In other news, I recently went to NYC for the first time in a DECADE! And it was as incredible as I remembered it to be. There was a time when I wanted nothing more than to leave Toronto for New York, and I think I had to stop visiting in order to truly embrace my city. Now that I adore Toronto and it has developed into an incredible place, I can resume my just as intense love for New York.

I went down there for a writing conference run by and for women, where I learned a ton. Screenwriting has been the most recent passion of mine, and I was able to attend a seminar led by Jenny Lumet, who wrote a film I truly love, Rachel Getting Married. I also got to wander around the MOMA, see the spot where Paul’s Boutique used to be, stay in Brooklyn, get drenched by a full day of rain, live on about 4 hours of sleep a night, eat the finest pizza $3 will ever buy you, tour Greenwich Village to indulge my Bob Dylan love, get lost on the vast subway system, meet a bunch of incredibly talented women writers, attend live tapings of The View and Dr Oz (because all the shows I wanted to see… Jimmy Fallon, Seth Meyers, Trevor Noah, Steven Colbert, SNL were sold out) and visit the 9/11 memorial. It was an incredibly packed 4 days.

Before that, I fulfilled one of my biggest music industry dreams – I was a Grand Juror for the Polaris Prize 2016 – which as you know by now went to Kaytranada’s 99.9% – a truly fantastic album that I never would have given a fair listen to were it not for the privilege of being on this incredible jury. It wasn’t the album that I was there to fight for (that would be Black Mountain’s fantastic IV) but I understand exactly why it won and I stand behind the choice.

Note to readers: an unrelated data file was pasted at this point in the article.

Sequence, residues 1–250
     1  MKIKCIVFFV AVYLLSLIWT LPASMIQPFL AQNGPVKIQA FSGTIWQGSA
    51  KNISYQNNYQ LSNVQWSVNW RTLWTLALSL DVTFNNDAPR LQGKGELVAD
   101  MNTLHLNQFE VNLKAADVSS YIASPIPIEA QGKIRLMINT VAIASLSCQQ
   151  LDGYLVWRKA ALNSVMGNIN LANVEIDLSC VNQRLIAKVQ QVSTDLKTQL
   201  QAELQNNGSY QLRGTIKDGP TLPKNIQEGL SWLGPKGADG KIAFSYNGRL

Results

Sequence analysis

One more great thing, I checked another big career goal off the list by having my first byline in Marie Claire (about a 90s film I love, The Craft), a publication I’ve always wanted to write for. Yes, my writing here has been sparse because I have an entirely new vision for this blog that has me stockpiling material, but also because I’ve been focused on freelance writing full-time, which is a non-stop hustle. With that point, I should make it clear that TTRO is not over, it is just on a semi-hiatus until I can turn it into something that represents me in my 30s instead of this old version of me in my 20s. I feel like when I post here I’m walking around in an old outfit that just looks silly on me now, so I’ve been holding back. But soon! An early 2017 launch is the goal, and things around here will be a lot more consistent (and hopefully very useful for you) come that time.

One last thing – by some strange and awesome twist of fate – after 7 years on Twitter I was finally able to get my name out from under someone sitting on the handle – so @lisa_TTRO is no longer. Now you can tweet me @lisalagace, which is the same as my Instagram, Snapchat, Pinterest, and Periscope names. Yay for consistency!

And finally, let me just say, one last time for the record, RIP Leonard. When I watched you perform live in 2009 it was one of those rare musical moments where I knew I was witnessing pure genius, a poet who understood our pain for us, made it somehow more tolerable.

“And even though it all went wrong, I’ll stand before the Lord Of Song, with nothing on my tongue but Hallelujah.”

 Lisa